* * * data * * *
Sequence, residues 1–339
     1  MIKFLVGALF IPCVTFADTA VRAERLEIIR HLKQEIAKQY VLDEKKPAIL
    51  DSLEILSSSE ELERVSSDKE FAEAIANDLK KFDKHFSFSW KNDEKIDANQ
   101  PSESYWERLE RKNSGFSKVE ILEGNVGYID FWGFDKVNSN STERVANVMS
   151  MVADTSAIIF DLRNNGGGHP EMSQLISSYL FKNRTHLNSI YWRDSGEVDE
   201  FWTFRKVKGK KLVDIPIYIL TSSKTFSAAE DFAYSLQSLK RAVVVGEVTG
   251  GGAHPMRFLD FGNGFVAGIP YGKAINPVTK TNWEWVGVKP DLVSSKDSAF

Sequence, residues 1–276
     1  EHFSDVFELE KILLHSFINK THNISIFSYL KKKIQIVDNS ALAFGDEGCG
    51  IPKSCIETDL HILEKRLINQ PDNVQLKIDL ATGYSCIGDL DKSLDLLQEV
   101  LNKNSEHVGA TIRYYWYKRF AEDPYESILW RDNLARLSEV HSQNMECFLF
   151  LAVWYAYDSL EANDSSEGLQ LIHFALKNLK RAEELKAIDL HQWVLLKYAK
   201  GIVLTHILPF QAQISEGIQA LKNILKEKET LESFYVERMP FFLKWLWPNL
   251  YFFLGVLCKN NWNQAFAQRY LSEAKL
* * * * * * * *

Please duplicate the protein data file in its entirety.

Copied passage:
Sequence, residues 1–339
     1  MIKFLVGALF IPCVTFADTA VRAERLEIIR HLKQEIAKQY VLDEKKPAIL
    51  DSLEILSSSE ELERVSSDKE FAEAIANDLK KFDKHFSFSW KNDEKIDANQ
   101  PSESYWERLE RKNSGFSKVE ILEGNVGYID FWGFDKVNSN STERVANVMS
   151  MVADTSAIIF DLRNNGGGHP EMSQLISSYL FKNRTHLNSI YWRDSGEVDE
   201  FWTFRKVKGK KLVDIPIYIL TSSKTFSAAE DFAYSLQSLK RAVVVGEVTG
   251  GGAHPMRFLD FGNGFVAGIP YGKAINPVTK TNWEWVGVKP DLVSSKDSAF

Sequence, residues 1–276
     1  EHFSDVFELE KILLHSFINK THNISIFSYL KKKIQIVDNS ALAFGDEGCG
    51  IPKSCIETDL HILEKRLINQ PDNVQLKIDL ATGYSCIGDL DKSLDLLQEV
   101  LNKNSEHVGA TIRYYWYKRF AEDPYESILW RDNLARLSEV HSQNMECFLF
   151  LAVWYAYDSL EANDSSEGLQ LIHFALKNLK RAEELKAIDL HQWVLLKYAK
   201  GIVLTHILPF QAQISEGIQA LKNILKEKET LESFYVERMP FFLKWLWPNL
   251  YFFLGVLCKN NWNQAFAQRY LSEAKL